Want to know how to sketchnote? Maybe you’ve seen the videos where the hand draws sketchnotes for a talk. Or you drool over Instagrammable bullet journal pages. Or maybe you already doodle in the margins when taking notes, but you would never EVER let anyone see it.
After all, sketchnotes are just for people with artistic talent…right?
Sketchnotes are not about art at all. It’s about the way you organize information on a page. The visual elements just help you process the information and make it way easier to review notes later. It’s a way to “think on paper.”
If you’ve ever been taking notes, then drew an arrow to connect something you wrote with another piece of information on a page, you’ve got this! (Arrows are big in sketchnoting.) And if you can write the letters M and Q—even poorly—then you know how to draw lines, angles, and circles, so doodles are covered!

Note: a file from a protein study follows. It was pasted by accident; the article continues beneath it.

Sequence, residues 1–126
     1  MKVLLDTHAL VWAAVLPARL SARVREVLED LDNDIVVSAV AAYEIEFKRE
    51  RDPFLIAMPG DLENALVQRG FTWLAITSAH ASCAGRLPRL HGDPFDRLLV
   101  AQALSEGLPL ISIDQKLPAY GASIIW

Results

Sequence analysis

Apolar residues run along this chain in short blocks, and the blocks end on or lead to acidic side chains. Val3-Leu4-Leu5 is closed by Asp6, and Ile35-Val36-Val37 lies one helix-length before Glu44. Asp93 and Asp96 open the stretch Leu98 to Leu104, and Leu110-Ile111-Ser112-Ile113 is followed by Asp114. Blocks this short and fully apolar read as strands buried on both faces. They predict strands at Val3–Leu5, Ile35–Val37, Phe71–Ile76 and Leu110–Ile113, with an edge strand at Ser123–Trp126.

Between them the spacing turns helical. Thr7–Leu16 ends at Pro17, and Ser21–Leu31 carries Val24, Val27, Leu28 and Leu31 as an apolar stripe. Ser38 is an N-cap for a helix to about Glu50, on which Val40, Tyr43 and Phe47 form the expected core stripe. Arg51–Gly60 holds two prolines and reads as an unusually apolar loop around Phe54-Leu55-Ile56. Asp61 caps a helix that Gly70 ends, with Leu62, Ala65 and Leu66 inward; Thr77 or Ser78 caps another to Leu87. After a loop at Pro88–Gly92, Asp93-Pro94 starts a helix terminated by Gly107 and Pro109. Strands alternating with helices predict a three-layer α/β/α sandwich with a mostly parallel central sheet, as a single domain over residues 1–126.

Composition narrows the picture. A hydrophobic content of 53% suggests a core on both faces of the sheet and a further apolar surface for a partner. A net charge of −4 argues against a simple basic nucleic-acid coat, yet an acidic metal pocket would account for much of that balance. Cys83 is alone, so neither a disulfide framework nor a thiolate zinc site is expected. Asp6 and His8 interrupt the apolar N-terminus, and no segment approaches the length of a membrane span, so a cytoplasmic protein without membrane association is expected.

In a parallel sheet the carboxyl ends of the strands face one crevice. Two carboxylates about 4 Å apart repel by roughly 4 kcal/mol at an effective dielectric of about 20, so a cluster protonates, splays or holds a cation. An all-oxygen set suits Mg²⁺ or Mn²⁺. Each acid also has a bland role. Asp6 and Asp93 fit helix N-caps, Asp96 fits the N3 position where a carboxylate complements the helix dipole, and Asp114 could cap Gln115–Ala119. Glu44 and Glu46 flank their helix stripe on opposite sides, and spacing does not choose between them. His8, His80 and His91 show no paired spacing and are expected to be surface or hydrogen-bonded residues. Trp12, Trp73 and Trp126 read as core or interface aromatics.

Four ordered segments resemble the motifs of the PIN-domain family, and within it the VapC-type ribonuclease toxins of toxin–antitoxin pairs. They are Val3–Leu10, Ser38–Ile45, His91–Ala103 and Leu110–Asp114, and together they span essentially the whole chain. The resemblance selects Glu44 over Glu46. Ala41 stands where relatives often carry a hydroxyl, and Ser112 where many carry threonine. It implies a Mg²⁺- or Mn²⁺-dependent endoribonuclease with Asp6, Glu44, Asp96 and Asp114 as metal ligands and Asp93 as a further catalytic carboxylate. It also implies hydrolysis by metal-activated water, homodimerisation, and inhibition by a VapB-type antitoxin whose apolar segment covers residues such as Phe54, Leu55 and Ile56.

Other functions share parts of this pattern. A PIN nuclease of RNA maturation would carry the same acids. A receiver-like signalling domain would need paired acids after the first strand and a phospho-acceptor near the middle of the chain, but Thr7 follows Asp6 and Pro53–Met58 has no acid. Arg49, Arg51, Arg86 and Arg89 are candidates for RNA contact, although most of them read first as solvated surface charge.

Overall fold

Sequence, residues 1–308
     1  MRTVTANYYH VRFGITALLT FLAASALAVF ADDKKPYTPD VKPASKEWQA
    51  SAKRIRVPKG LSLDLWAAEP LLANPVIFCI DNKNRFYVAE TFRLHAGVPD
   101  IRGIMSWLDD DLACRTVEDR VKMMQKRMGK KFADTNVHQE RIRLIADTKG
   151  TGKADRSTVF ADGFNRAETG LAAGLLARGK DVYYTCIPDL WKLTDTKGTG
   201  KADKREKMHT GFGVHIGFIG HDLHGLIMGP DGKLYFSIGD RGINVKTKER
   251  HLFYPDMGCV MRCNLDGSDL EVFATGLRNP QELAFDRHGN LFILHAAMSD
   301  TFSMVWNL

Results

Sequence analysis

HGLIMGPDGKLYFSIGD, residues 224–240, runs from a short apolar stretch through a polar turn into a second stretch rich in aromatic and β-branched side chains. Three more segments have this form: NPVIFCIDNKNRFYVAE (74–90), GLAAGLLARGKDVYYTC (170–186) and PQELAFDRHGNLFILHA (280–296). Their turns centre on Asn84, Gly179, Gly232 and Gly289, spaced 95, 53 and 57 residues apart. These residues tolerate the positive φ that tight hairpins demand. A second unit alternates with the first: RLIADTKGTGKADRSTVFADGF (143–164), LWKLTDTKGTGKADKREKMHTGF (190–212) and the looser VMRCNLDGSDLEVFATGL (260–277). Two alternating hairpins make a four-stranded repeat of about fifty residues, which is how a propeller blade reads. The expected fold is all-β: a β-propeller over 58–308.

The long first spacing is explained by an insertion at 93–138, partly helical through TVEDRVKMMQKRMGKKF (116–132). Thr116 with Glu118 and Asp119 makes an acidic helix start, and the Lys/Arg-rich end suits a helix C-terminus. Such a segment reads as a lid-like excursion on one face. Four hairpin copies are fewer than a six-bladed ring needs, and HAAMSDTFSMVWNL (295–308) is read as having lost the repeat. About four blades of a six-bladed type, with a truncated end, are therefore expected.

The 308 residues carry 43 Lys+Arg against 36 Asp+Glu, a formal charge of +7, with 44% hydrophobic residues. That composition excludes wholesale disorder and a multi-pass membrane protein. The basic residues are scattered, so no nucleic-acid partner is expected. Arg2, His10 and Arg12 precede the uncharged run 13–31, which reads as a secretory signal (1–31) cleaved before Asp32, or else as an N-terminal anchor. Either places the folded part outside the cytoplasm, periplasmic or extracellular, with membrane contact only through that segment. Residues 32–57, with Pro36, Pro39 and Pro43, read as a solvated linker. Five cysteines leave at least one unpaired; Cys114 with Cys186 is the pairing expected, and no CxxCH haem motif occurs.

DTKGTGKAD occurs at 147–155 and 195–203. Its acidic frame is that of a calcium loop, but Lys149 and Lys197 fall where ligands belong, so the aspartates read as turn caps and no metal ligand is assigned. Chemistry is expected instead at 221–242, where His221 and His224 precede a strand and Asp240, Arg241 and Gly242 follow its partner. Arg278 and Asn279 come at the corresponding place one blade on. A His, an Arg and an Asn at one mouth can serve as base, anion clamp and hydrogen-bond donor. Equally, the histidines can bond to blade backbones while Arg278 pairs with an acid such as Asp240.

If you’ve ever wanted to learn how to sketchnote, this article has all the basics on the what and the how.
What are sketchnotes?
Sketchnotes are a visual way of capturing ideas on a page. They use words, boxes/clouds, arrows, and simple doodles to organize information.
While some people take these notes on a whiteboard for a whole room full of people (graphic facilitation) most sketchnotes are done for personal use. (So take the pressure off. You can experiment on a page without worrying how it looks to anyone else.)
The big win with sketchnotes is that our brains are wired to take in a scene and process it–which means we can look at a sketchnote page and process it faster than we can with line-by-line notes.